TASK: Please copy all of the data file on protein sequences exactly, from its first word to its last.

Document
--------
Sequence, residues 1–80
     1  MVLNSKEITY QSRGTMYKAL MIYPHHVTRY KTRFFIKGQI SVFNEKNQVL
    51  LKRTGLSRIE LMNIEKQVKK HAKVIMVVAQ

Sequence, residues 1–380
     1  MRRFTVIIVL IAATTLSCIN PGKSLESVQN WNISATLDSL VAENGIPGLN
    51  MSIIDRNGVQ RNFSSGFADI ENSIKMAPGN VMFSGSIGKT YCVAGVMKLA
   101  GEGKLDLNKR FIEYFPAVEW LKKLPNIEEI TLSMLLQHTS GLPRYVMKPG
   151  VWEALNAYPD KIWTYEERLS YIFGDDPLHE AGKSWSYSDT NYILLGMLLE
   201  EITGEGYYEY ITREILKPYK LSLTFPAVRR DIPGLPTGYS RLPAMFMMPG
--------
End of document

Sequence, residues 1–80
     1  MVLNSKEITY QSRGTMYKAL MIYPHHVTRY KTRFFIKGQI SVFNEKNQVL
    51  LKRTGLSRIE LMNIEKQVKK HAKVIMVVAQ

Sequence, residues 1–380
     1  MRRFTVIIVL IAATTLSCIN PGKSLESVQN WNISATLDSL VAENGIPGLN
    51  MSIIDRNGVQ RNFSSGFADI ENSIKMAPGN VMFSGSIGKT YCVAGVMKLA
   101  GEGKLDLNKR FIEYFPAVEW LKKLPNIEEI TLSMLLQHTS GLPRYVMKPG
   151  VWEALNAYPD KIWTYEERLS YIFGDDPLHE AGKSWSYSDT NYILLGMLLE
   201  EITGEGYYEY ITREILKPYK LSLTFPAVRR DIPGLPTGYS RLPAMFMMPG